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Opinion Expectations about prosecuting Trump may be shifting

Fani Willis, district attorney for Fulton County, Ga., talks with a member of her team during proceedings on May 2 to seat a special purpose grand jury to look into the efforts of Donald Trump and his supporters to overturn the results of the 2020 election. (Ben Gray/AP)
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Many Republicans and mainstream media commentators have intoned that the House Jan. 6 committee’s hearings wouldn’t draw ratings or change voters’ minds. That was wrong. In fact, the evidence presented thus far has been far more impactful than the punditocracy predicted.

The first hearing, shown in prime time, generated close to 20 million viewers. The next, during midmorning, attracted 11 million. But even that misses the true impact.

The hearings have dominated front pages and figured prominently in network and cable TV news coverage. People are discussing them widely on social media. The question is no longer about Donald Trump’s role in the attempted coup (there is no doubt his fingerprints are all over it); instead, the country is avidly debating whether there is sufficient evidence of Trump’s corrupt intent to prosecute him for it.

One poll from Democratic firm Navigator Research found that “the House investigation is garnering attention from the public, with 63 percent of respondents saying they have heard ‘a lot’ or ‘some’ about the hearings." Even more telling: “An increasing number of Americans believe that it is important to uncover the truth behind the attempted coup; respondents said that the hearings were important by a 15-point margin, up five points from April.” That increase is largely driven by independents, 45 percent of whom now say the investigation is important, compared with 26 percent who say the opposite.

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Other polls confirm these findings. A new ABC News-Ipsos poll released on Sunday found that 58 percent of Americans think Trump should be charged criminally, up about six points from a similar poll in April.

There is also some anecdotal evidence that the hearings are getting through even among some Republicans. Retiring Michigan Rep. Fred Upton had this exchange with Dana Bash on CNN’s “State of the Union”:

BASH: Do you think the case the Jan. 6 Committee is presenting is resonating with moderate Republican voters and independents?
UPTON: Yes, I think so.
I think the overriding issue certainly is the economy and gas prices. But I think there's been real interest in what's going on. You have got, obviously, your different factions that are not going to turn it on and watch. They made their decision some time ago.
But, yes, I think that it’s had an impact on voters across the country. And we will see how this thing plays out. The committee has been very careful not to divulge any details in advance of their hearings.

As the hearings continue this week and beyond, the country will learn even more about Trump’s involvement. Committee member Jamie Raskin (D-Md.) on NBC News’s “Meet the Press” on Sunday suggested that more evidence and “tips” are coming in. That’s a critical benefit of public hearings: Those sitting on the fence might feel more comfortable coming forward. Other witnesses might not have realized the importance of information they’ve had all along.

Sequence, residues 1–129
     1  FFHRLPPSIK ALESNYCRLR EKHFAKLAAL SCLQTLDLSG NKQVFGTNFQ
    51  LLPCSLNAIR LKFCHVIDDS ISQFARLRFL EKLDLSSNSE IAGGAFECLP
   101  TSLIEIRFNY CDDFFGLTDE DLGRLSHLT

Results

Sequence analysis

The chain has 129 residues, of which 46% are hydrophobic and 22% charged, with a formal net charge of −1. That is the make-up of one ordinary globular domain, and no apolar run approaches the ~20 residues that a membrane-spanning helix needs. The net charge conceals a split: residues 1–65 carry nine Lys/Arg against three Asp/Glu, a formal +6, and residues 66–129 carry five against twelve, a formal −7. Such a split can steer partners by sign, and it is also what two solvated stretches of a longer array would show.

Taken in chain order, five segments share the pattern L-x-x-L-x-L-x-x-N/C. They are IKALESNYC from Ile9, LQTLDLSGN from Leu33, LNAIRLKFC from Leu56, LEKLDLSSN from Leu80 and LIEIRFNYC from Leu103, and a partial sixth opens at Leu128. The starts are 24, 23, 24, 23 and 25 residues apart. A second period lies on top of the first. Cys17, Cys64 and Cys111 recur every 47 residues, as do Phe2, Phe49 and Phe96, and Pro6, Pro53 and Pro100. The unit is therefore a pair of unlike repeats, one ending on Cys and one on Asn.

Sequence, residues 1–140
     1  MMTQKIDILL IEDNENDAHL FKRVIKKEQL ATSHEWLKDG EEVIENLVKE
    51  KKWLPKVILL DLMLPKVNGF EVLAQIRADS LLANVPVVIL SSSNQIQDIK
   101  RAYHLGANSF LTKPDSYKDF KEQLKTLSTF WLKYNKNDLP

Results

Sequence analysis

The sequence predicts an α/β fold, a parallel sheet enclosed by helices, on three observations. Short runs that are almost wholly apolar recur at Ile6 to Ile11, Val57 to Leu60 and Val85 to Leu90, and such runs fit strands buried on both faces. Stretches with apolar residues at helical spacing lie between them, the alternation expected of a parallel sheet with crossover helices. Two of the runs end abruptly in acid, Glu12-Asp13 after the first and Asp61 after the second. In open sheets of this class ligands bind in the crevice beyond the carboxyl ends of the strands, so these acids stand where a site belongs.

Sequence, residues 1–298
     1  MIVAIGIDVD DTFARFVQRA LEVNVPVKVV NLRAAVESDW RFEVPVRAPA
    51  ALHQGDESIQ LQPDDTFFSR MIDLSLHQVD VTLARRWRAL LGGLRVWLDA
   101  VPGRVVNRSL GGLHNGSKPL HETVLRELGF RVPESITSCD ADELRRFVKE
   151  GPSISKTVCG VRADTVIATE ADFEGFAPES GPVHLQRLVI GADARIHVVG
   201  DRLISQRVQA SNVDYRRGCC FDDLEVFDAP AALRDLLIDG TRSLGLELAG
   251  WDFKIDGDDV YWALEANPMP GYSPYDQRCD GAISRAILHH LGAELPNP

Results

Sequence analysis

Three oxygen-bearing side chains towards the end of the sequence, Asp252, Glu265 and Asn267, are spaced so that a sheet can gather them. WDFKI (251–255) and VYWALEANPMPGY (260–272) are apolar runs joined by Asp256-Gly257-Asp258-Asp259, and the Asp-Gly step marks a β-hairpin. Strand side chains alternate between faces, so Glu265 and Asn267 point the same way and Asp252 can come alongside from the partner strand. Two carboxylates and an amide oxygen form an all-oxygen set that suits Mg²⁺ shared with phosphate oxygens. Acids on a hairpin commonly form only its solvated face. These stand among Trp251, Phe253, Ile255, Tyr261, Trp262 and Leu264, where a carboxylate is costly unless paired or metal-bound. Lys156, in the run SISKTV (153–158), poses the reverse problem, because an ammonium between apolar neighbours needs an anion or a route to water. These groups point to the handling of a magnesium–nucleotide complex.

In other words, the amount and value of evidence that Trump was at the center of the coup plot will only continue to build. Rep. Adam B. Schiff (D-Calif.), another committee member, recently suggested there is evidence that Trump was directly involved in the scheme to come up with alternative slates of electors.

The serious tenor of the coverage and widespread interest in the evidence have several consequences. The first is that it might influence critical prosecutors, such as Fani Willis in Fulton County, Ga. She will no doubt be avidly watching Tuesday’s testimony from two Georgia state officials regarding the efforts of Trump and then-White House chief of staff Mark Meadows to pressure election officials to “find” just enough votes to flip the state. And depending on the testimony of other witnesses such as Rusty Bowers, the Republican speaker of Arizona’s House of Representatives, other state investigations might be possible.

Second, the committee has already heightened interest in another promising line of inquiry: Trump’s alleged scheme to raise money for his campaign’s election lawsuits through what the committee says is a nonexistent fund. Committee member Zoe Lofgren (D-Calif.) explained that “the average donation was under $20” and that “these were donors who were not rich, but they responded to his appeals, which were fraudulent. And I don’t think that’s right.” Whether the alleged scam raises criminal or civil liability will no doubt be the subject of vigorous investigation among state prosecutors, state attorneys general and class-action lawyers. Without the hearings, it’s doubtful that ever would have occurred.

Third, in the event the Justice Department decides not to prosecute Trump and his closest cronies, Attorney General Merrick Garland will be under tremendous pressure to justify why the mound of evidence is not enough. Garland has vowed to ignore all politics, and his decision will inevitably involve whether he thinks a jury can find guilt beyond a reasonable doubt. If anything, public expectations might be shifting such that a refusal to prosecute would seem shocking to most Americans.

In sum, the hearings are already having a palpable impact on the public’s perception of Trump and on state officials as they contemplate their next steps. In the end, the public might not be surprised if they lead to multiple actions against the former president and his closest aides.